HeartStart AED

HeartStart FRx

AED

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The Philips HeartStart FRx defibrillator features intuitive, step-by-step voice instructions, including CPR guidance, and an audible metronome to help guide basic life support (BLS) responders while treating a suspected sudden cardiac arrest (SCA) Pre-connected SMART Pads II can be used for both adults and children. Rugged, lightweight and reliable, it can withstand rough handling and extreme temperatures. When every minute counts, Philips HeartStart FRx is the partner by your side. Side by side. Step by step.

Specifications

Environmental
Environmental
Temperature
  • Operating/Standby:32° - 122° F (0° - 50° C)
EMI (Radiated/Immunity)
  • CISPR II Group I Class B, IEC 61000-4-3, and IEC 61000-4-8
Sealing
  • Waterjet proof IPX5 per IEC60529 Dust protected IPX5 per IEC60529
Altitude
  • 0 to 15,000 feet
Aircraft
  • Device: RTCA/DO-160D;1997
Crush
  • 500 pounds
Vibration
  • Operating: meets MILSTD 810F Fig.514.5C-17, random Standby: meets MILSTD 810F Fig.514.5C-18,swept sine.
Product specifications
Product specifications
Model Number
  • 861304
Waveform
  • Truncated Exponential Biphasic. Waveform parameters adjusted as a function of each patient’s impedance.
Therapy
  • Adult defibrillation peak current: 32A (150J nominal) into a 50 ohm load. Pediatric defibrillation (with optional Infant/Child Key installed): 19A (50J nominal) into a 50 ohm load.
Battery
  • Typically 4 years when stored and maintained according to directions provided in Owner’s Manual. Standby life (after insertion):
Protocol
  • Protocol Device follows preconfigured settings. Defibrillation and CPR protocol can be customized using HeartStart Event Review or HeartStart Configure software.
Quick Shock
  • Able to deliver a shock after the end of a CPR interval, typically in eight seconds.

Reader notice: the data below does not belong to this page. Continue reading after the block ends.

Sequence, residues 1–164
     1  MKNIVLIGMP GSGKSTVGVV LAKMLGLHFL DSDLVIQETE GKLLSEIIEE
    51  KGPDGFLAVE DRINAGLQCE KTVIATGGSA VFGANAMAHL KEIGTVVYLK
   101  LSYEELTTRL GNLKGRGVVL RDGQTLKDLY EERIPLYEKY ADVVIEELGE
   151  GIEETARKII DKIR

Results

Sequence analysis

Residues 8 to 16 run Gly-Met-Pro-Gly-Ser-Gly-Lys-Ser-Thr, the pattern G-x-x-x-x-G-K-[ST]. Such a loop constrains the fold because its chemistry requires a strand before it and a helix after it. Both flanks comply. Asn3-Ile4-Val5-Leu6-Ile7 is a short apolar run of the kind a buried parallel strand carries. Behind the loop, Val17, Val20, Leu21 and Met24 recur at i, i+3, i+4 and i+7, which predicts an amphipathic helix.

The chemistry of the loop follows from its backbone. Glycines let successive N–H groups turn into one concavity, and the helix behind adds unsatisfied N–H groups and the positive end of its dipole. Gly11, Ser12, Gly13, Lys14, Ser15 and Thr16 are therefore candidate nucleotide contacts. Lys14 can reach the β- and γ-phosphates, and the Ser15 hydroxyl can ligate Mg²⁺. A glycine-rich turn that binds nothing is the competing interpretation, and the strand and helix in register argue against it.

Physical requirements
Physical requirements
Size
  • 2.4 x 7.1 x 8.9 inches (6 x 18 x 22 cm) H x D x W
Weight
  • With battery and pads case: 3.5 lbs (1.5 kg) Without battery or pads case: 2.6 lbs (1.2 kg)
  • 1. Nichol, G., Sayre, M. R., Guerra, F., & Poole, J. (2017). Defibrillation for Ventricular Fibrillation: A Shocking Update., 70(12), 1496-1509. Journal American College of Cardiology doi:10.1016/j. jacc.2017.07.778
  • 2. Eftestol, T., Sunde, K., & Steen, P. A. (2002). Effects of interrupting precordial compressions on the calculated probability of defibrillation success during out-of-hospital cardiac arrest. Circulation, 105(19), 2270-2273. doi:10.1161/01. CIR.0000133323.15565.75
  • 3. Yu, T., Weil, M. H., Tang, W., Sun, S., Klouche, K., Povoas, H., & Bisera, J. (2002). Adverse outcomes of interrupted precordial compression during automated defibrillation. Circulation, 106(3), 368-372. doi:10.1161/01.CIR.0000021429.22005.2E
  • 4. Snyder, D., & Morgan, C. (2004). Wide variation in cardiopulmonary resuscitation interruption intervals among commercially available automated external defibrillators may affect survival despite high defibrillation efficacy. Critical Care Medicine, 32(9 Suppl), S421-S424. doi:10.1097/01.CCM.0000134265.35871.2B
  • 5. Edelson, D. P., Abella, B. S., Kramer-Johansen, J., Wik, L., Myklebust, H., Barry, A. M., . . . Becker, L. B. (2006). Effects of compression depth and pre-shock pauses predict defibrillation failure during cardiac arrest. Resuscitation, 71(2), 137-145.